The link below is to a very interesting article examining what success looks like for different individuals when it comes to autism treatments. Both members of the field and autistic adults were asked to answer, giving a pretty wide range of responses.
It made me start to think of what success looks like to me in this regard. For one, it involves a strong support system. This is something that everyone seems to agree on. The family and the community in general has to be open to learning, helping, and expanding opportunities. This is a piece that many autistic adults have said (quite loudly) is severely lacking overall.
I think another marker for me, especially with younger kids, is if they start to engage with others. It doesn’t have to be much, but I always loved the moments when a client figured out that a form of communication (be it a sign, picture, written/typed word, or vocalization) is the gateway to getting what they need. Even a brief moment of eye contact (because I have never been in favor of forcing a staring contest) can speak volumes if the family members and friends are willing to learn the autistic individuals’ language.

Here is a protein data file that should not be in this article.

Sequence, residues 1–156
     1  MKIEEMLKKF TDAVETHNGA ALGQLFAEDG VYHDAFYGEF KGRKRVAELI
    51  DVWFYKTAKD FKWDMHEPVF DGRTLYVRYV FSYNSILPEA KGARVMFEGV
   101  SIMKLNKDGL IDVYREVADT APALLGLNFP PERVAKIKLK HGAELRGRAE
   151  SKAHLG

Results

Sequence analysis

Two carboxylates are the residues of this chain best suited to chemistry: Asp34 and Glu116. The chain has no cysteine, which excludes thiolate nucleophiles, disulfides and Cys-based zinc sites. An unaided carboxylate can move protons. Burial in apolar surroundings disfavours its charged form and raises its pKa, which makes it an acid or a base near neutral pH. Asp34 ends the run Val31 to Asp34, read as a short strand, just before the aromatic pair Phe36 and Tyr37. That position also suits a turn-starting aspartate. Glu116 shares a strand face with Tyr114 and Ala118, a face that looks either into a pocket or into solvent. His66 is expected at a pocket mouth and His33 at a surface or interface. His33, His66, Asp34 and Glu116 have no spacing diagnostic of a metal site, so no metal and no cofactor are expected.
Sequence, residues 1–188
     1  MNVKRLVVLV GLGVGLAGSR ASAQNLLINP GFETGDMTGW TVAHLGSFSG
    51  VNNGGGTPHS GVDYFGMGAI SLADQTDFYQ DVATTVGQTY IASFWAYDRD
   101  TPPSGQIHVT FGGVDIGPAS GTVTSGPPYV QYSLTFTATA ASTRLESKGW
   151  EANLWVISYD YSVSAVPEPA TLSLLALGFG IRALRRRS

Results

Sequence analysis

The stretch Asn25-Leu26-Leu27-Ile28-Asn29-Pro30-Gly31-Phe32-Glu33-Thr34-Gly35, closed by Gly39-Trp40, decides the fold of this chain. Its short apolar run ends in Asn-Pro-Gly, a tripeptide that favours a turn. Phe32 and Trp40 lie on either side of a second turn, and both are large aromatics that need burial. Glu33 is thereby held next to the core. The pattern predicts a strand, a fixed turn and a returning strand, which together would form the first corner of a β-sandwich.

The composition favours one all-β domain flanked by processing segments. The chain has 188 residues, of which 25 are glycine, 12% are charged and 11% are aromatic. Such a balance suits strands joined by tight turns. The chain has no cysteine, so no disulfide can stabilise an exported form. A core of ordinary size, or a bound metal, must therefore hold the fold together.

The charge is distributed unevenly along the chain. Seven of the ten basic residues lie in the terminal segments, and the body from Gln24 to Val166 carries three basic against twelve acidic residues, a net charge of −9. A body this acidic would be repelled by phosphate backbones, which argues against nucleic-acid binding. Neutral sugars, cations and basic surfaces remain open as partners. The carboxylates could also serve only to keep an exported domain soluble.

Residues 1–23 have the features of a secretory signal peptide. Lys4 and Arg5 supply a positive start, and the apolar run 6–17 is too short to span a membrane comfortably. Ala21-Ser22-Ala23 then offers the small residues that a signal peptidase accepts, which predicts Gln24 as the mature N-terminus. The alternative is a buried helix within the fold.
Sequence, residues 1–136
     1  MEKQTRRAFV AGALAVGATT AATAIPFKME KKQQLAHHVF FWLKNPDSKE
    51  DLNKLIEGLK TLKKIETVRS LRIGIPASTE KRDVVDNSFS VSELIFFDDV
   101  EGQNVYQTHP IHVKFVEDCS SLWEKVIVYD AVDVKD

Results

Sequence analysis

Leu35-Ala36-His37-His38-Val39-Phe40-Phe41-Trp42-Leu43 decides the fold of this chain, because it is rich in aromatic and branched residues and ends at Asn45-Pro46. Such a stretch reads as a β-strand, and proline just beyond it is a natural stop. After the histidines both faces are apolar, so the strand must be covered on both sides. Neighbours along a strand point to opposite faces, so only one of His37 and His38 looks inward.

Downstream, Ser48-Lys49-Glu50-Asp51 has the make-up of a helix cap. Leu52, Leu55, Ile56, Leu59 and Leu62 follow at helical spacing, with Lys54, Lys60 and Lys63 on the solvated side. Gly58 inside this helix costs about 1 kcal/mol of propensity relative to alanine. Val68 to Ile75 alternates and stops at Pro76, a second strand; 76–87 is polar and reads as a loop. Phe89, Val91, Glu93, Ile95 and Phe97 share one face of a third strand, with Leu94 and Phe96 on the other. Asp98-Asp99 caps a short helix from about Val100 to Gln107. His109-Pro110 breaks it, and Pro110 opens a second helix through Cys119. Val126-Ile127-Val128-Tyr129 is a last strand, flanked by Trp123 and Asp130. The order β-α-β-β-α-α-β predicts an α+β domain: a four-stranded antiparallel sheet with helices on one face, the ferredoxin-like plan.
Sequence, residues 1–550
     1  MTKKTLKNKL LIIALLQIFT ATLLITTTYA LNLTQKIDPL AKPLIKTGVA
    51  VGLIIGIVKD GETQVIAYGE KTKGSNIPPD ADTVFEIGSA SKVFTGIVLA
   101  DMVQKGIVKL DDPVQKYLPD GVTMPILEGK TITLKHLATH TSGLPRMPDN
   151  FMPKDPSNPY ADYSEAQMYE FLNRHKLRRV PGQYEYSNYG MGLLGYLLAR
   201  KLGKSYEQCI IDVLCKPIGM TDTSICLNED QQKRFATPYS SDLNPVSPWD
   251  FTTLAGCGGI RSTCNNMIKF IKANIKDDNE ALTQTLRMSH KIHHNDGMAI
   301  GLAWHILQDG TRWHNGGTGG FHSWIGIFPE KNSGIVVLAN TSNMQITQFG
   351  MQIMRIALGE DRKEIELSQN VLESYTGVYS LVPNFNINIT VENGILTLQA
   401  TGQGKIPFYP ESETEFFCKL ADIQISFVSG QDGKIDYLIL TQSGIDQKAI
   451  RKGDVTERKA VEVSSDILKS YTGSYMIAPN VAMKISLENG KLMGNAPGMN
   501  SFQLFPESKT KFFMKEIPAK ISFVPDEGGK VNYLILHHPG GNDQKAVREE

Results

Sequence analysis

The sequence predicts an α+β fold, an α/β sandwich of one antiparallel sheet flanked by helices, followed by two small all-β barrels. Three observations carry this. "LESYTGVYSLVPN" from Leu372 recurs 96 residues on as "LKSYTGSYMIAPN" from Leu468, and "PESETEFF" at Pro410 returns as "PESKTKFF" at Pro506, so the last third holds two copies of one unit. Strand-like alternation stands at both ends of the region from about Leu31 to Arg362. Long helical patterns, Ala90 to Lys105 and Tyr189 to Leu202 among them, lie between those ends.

What do you think of the viewpoints from this article? Who do you most agree with? Do you agree with any of them?
I saw an article today on the results of a study about music therapy and autism. The study indicated that “improvisational music therapy, compared with enhanced standard care, resulted in no significant difference in symptom severity based on the ADOS social affect domain over 5 months” (Bieleninik L. et al. JAMA318, 525-535 (2017).
This is a bit of a letdown to many in the music therapy world, but it is also a call to action of sorts. Some of therapies outside the normal scope of the traditional autism therapies (including music and listening therapies, dance therapy, drama therapy, etc.) can take a lesson from this study.
By improving and adjusting the therapies to accommodate individual differences, focus on connection/engagement, and folding the parents/family into therapy, there may be clearer and more positive results. I have noticed this to be the case in many of the more “traditional” and clinical therapeutic approaches.
I have seen clients improve from these more art-related therapies, but a key component to client success lies not necessarily in the therapy itself (though it may certainly help, of course). The key is connection and relationship. In an article about the study on spectrumnews.org, it was noted that other studies have indicated that having a connection with the music therapist improved clients’ social skills. Working on creating a connection is, in my eyes, the most important part of any autism therapy. If you have engagement, you will naturally be able to do more with and for your client.
Below is a direct link to the article about the study. I would love to hear others’ thoughts about this. Have you tried music therapy before? Did it help? What was the experience with the music therapist like?